Date: 5/01/2018 15:08:56
From: mollwollfumble
ID: 1169823
Subject: Good Scientist Cartoon 472 to 482

I’ve slowed down producing these.











Reply Quote

Date: 5/01/2018 15:22:08
From: Divine Angel
ID: 1169833
Subject: re: Good Scientist Cartoon 472 to 482

Of course dung is an effective contraception! Who’d want to shag someone who stank of shit?

Reply Quote

Date: 5/01/2018 15:24:07
From: The Rev Dodgson
ID: 1169836
Subject: re: Good Scientist Cartoon 472 to 482

No 482:

Sorry to be a pedant, but I can’t help it:

1. Strength – high strength concrete compressive strength would be about as high as the minimum tensile strength of aluminium, true, unfortunately its tensile strength is only about 10% of that.

2. Elastic modulus – the short term elastic modulus of high strength concrete is approaching that of aluminium, true, unfortunately when you add in the effects of creep and shrinkage its long term elastic modulus is around 30% of that.

On the other hand, if we look at ultra-high strength concrete with added steel fibre reinforcement, what you say is true for both tensile strength and long term elastic modulus.

Reply Quote

Date: 5/01/2018 16:57:10
From: dv
ID: 1169874
Subject: re: Good Scientist Cartoon 472 to 482

479 is quite good

Reply Quote

Date: 5/01/2018 16:58:26
From: dv
ID: 1169876
Subject: re: Good Scientist Cartoon 472 to 482

The Rev Dodgson said:


No 482:

Sorry to be a pedant, but I can’t help it:

1. Strength – high strength concrete compressive strength would be about as high as the minimum tensile strength of aluminium, true, unfortunately its tensile strength is only about 10% of that.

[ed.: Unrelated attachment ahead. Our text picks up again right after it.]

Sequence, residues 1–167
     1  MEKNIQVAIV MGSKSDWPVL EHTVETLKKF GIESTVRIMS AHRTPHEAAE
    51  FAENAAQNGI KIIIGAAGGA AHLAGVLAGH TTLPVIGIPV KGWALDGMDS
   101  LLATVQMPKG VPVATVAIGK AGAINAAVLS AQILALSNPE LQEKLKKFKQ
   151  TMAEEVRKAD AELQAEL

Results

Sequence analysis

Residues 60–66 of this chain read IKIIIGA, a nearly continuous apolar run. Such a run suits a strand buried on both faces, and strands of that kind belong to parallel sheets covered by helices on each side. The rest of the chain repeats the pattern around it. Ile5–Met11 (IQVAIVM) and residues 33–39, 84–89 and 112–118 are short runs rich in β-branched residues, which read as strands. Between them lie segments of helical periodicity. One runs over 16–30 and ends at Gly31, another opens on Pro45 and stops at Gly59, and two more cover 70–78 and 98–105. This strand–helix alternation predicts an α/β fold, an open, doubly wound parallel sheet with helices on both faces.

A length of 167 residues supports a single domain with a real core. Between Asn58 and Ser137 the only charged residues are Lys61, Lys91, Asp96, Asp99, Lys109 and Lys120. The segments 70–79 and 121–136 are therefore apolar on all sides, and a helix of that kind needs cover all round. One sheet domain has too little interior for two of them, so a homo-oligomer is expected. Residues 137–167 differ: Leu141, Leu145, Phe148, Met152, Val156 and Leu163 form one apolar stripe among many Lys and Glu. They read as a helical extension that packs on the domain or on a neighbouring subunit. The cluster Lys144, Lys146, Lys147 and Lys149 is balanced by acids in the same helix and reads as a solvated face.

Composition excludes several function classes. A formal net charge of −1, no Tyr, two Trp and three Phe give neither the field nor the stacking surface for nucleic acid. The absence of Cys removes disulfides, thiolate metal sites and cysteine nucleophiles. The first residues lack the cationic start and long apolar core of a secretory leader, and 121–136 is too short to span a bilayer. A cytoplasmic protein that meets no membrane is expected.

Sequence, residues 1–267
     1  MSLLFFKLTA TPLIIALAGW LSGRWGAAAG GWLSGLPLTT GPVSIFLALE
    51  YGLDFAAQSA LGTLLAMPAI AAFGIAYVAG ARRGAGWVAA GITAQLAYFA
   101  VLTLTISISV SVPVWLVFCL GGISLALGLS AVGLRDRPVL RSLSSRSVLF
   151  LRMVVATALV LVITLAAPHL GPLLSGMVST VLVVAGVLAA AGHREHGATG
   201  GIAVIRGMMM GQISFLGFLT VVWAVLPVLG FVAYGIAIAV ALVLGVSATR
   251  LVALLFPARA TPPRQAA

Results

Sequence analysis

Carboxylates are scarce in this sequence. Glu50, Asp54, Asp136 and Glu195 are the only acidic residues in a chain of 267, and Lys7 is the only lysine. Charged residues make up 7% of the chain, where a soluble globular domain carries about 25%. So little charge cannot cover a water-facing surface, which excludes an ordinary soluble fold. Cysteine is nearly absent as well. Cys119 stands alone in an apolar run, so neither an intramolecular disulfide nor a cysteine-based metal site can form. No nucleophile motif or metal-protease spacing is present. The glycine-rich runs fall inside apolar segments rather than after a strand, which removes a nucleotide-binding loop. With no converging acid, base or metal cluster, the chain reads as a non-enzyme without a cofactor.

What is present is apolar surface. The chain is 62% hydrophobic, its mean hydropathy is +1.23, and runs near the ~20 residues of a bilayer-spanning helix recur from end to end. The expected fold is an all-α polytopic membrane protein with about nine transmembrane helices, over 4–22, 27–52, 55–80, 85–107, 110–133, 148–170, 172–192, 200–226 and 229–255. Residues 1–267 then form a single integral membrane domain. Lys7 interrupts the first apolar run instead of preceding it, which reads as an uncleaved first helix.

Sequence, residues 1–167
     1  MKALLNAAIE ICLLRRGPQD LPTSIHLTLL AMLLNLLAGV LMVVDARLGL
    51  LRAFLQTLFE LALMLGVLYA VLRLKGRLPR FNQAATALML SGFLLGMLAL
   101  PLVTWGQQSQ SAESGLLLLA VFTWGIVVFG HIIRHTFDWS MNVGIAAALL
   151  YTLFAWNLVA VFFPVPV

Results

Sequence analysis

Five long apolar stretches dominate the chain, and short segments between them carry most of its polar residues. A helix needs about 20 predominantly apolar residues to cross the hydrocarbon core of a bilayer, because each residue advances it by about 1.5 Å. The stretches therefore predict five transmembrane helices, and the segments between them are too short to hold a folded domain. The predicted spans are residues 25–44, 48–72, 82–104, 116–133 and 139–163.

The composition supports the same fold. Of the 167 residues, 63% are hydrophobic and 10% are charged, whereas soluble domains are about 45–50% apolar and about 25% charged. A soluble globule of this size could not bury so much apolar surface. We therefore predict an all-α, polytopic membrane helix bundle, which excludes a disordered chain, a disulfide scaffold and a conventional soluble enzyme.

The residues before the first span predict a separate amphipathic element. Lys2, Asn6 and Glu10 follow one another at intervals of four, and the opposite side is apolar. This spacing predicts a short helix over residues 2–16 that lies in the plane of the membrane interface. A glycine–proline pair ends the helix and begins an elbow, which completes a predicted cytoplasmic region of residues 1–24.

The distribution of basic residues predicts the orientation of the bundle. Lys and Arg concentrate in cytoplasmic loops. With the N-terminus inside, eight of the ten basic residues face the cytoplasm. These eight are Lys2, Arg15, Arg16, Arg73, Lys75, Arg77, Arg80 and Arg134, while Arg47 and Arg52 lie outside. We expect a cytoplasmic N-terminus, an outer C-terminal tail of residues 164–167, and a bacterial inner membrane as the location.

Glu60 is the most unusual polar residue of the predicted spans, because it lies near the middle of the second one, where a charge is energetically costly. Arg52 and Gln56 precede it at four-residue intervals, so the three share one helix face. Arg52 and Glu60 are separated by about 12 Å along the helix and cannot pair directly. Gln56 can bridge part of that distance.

2. Elastic modulus – the short term elastic modulus of high strength concrete is approaching that of aluminium, true, unfortunately when you add in the effects of creep and shrinkage its long term elastic modulus is around 30% of that.

On the other hand, if we look at ultra-high strength concrete with added steel fibre reinforcement, what you say is true for both tensile strength and long term elastic modulus.

Concrete is also somewhat more brittle … if I make a can out of aluminium, 100 microns thick, I expect it to shatter easily.

Reply Quote

Date: 5/01/2018 17:17:47
From: The Rev Dodgson
ID: 1169888
Subject: re: Good Scientist Cartoon 472 to 482

dv said:


The Rev Dodgson said:

No 482:

Sorry to be a pedant, but I can’t help it:

1. Strength – high strength concrete compressive strength would be about as high as the minimum tensile strength of aluminium, true, unfortunately its tensile strength is only about 10% of that.

2. Elastic modulus – the short term elastic modulus of high strength concrete is approaching that of aluminium, true, unfortunately when you add in the effects of creep and shrinkage its long term elastic modulus is around 30% of that.

On the other hand, if we look at ultra-high strength concrete with added steel fibre reinforcement, what you say is true for both tensile strength and long term elastic modulus.

Concrete is also somewhat more brittle … if I make a can out of aluminium, 100 microns thick, I expect it to shatter easily.

Somewhat would be somewhat of an understatement. :)

Added steel fibres help to some extent, but still nowhere near as good as aluminium.

Reply Quote

Date: 5/01/2018 17:23:57
From: Stumpy_seahorse
ID: 1169892
Subject: re: Good Scientist Cartoon 472 to 482

The Rev Dodgson said:


dv said:

The Rev Dodgson said:

No 482:

Sorry to be a pedant, but I can’t help it:

1. Strength – high strength concrete compressive strength would be about as high as the minimum tensile strength of aluminium, true, unfortunately its tensile strength is only about 10% of that.